• Look Out for Anything Similar


Reading books in the genre one wishes to write in is always a smart move. It helps you understand the type of writing prevalent, and it also makes you have an idea about the kind of work that has already been explored.


It is impossible to keep track of all writings in a genre, but make sure to research and try to find if what you are writing has already been worked upon by other writers and you do not end up presenting a similar thought process through your work.



  • Go back to what you read recently


The most important area of writing is reading. When we read something interesting or radical, it stays with us and becomes something we often come back to at least once a day.


Make sure to keep in mind the possibility of something that you have read to influence your train of thought. It is one thing to be inspired by a certain section, plotline, or character, but the key is to make the inspiration your own.



  • Pay Special Attention to your Tropes


Any good genre has some specific tropes/motifs that are somewhat consistent and are essential definers to a piece of writing belonging in the genre. For example, technology and futuristic-devices in Science Fiction, angst and love in Romance, etc.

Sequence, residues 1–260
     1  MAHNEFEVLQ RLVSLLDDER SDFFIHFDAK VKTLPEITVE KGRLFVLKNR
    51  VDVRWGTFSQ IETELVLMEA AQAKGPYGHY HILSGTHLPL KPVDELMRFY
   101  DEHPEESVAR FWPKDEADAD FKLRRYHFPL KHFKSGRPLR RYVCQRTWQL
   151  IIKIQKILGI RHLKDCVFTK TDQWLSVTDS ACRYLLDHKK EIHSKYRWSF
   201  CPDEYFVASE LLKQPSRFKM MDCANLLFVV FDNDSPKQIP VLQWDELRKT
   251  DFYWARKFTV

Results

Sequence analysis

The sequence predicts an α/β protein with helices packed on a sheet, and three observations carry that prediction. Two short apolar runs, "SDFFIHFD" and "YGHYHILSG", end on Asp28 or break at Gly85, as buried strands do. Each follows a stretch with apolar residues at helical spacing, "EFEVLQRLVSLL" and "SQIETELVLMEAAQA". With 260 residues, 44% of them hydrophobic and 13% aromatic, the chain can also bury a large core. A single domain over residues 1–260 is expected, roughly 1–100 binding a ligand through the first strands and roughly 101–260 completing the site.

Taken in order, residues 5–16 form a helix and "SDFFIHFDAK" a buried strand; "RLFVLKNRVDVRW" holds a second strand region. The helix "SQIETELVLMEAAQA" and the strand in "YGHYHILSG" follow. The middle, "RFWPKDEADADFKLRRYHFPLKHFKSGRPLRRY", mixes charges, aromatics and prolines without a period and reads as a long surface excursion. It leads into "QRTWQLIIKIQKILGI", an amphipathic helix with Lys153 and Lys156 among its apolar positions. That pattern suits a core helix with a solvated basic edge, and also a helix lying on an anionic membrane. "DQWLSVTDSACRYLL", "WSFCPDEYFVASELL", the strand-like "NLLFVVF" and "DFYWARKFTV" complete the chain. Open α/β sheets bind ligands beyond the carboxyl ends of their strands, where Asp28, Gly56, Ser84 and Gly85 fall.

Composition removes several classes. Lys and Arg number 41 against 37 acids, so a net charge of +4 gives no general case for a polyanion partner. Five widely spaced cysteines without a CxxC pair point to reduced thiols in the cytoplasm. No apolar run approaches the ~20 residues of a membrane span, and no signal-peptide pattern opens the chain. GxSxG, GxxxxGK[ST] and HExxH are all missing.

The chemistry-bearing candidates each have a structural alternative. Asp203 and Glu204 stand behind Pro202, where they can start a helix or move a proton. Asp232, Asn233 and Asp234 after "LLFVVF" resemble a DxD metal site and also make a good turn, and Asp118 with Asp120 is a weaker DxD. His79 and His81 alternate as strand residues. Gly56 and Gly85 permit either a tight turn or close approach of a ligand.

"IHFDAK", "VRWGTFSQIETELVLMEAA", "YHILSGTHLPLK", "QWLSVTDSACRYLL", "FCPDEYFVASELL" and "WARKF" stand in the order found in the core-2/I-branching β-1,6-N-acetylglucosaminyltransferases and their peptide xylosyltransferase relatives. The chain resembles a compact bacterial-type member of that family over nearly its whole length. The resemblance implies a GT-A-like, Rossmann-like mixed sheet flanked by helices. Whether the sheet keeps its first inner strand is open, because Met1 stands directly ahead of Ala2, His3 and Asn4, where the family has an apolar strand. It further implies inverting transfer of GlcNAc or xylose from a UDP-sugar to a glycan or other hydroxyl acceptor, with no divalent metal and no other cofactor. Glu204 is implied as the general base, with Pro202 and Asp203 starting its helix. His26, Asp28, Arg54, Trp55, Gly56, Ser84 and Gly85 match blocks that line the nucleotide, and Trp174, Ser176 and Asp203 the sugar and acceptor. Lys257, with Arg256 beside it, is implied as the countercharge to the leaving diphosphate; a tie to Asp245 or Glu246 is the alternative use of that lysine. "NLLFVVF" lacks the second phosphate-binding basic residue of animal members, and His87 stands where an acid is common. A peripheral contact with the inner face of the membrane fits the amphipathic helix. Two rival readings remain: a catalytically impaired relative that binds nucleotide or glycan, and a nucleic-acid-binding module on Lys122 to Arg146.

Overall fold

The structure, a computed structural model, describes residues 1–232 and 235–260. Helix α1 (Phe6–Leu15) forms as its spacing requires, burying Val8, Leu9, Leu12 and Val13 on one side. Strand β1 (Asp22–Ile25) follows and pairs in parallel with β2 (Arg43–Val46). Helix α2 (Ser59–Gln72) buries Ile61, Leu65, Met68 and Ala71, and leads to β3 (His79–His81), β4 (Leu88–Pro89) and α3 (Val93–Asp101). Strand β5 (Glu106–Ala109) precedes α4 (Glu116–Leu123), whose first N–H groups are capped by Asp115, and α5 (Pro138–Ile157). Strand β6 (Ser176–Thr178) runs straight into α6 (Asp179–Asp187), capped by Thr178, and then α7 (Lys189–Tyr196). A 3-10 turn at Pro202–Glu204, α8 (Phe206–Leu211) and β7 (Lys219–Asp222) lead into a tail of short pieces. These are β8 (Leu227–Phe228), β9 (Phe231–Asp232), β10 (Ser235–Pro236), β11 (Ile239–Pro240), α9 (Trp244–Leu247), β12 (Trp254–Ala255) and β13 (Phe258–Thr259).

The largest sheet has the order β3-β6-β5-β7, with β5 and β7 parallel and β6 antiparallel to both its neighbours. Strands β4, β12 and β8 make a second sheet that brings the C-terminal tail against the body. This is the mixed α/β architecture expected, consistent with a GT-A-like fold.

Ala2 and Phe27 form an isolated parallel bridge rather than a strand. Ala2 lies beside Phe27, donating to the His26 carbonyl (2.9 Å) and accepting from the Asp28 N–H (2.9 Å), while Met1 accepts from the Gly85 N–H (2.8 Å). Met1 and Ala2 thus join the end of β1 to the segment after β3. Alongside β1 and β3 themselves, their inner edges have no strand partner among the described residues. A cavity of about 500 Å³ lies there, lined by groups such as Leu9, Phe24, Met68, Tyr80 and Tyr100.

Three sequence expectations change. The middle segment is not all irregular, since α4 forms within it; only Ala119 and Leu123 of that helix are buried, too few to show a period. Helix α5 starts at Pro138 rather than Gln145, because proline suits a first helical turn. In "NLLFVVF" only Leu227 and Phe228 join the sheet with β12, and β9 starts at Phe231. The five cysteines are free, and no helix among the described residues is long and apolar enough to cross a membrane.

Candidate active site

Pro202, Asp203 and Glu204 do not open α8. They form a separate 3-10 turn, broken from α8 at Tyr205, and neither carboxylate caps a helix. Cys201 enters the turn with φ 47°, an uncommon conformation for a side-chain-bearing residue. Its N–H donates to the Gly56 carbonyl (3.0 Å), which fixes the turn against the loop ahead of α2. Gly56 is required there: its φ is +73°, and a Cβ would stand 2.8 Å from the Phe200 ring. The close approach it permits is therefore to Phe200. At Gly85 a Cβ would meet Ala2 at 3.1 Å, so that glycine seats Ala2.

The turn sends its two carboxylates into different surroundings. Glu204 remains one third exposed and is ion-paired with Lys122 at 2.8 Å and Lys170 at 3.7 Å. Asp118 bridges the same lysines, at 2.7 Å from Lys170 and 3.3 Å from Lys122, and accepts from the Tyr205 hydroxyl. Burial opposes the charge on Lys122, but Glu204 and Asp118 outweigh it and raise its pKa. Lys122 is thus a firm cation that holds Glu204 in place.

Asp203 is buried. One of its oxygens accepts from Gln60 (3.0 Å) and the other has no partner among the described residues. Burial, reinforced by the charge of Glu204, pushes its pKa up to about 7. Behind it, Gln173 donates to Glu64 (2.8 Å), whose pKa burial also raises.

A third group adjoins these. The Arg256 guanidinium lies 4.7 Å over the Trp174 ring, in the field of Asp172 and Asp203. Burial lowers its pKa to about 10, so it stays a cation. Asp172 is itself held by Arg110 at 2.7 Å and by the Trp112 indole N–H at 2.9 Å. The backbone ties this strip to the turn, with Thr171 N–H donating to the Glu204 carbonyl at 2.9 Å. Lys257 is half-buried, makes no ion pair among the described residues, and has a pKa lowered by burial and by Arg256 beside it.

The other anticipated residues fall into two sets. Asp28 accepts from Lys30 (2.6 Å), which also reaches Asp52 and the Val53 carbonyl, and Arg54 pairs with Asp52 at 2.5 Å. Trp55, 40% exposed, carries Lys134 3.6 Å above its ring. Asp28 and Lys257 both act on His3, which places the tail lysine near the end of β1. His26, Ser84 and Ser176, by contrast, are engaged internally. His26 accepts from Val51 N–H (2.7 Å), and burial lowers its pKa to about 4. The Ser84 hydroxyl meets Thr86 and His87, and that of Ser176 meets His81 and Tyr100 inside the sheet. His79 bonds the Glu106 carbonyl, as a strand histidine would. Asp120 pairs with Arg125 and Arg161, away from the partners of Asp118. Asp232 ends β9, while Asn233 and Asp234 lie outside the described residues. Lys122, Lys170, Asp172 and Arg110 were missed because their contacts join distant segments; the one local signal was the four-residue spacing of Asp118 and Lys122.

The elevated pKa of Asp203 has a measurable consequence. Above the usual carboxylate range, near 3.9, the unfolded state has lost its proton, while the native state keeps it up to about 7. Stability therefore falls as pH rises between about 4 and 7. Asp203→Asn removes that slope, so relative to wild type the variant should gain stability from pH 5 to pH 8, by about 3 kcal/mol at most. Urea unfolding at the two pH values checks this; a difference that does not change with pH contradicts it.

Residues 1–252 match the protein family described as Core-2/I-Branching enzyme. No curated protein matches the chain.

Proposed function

Keep in mind that the tropes you use are utilised in a way that is original and creatively authentic. You are taking something and making it your own. Make sure that you have not just used a specific part of writing just for the sake of it, from another work in the genre to make your story seem more fitting.


Create your own version of it!



  • Search up your story on the Web!


It sounds a little silly at first, but a good way to make sure what you’re doing has not been done before is to simply look for it on the internet. With its vast knowledge of works all over the world, it can be tremendously useful.


Just search for some specific words that are important, or for phrases. The internet will show you if it already exists, and if not, it will show you the closest thing that does. Make sure to be vigilant!


  • Take time away


It is crucial to manage your time in a way that allows you to step away from your work. It is only with a refreshed mind that we can fully comprehend what we are working with, and find any faults in it.


Come back to it, read it thoroughly, and find anything that you don’t like or something that does not fit.




  • Talk to people


If accessible to you, talking to other authors in your field can be a huge help. We often feel like asking for assistance or clarification is bad, but that is entirely untrue.


Other people who are experienced, or even just interested, can help you identify and correct whatever you are struggling with, maybe they can tell you if what you are working on has already been done. Their exposure can be a massive aid.




Keeping all these in mind and using possible resources can be all the help you need in ensuring your work is not plagiarised. People often say that no work of writing today is original, but remember that pioneers in any field are known to generate something new out of all the old that they know and love.

Understanding what works, what is required, and what you want to do are all the correct parameters that you need to be met to create good work. Work hard and do your best!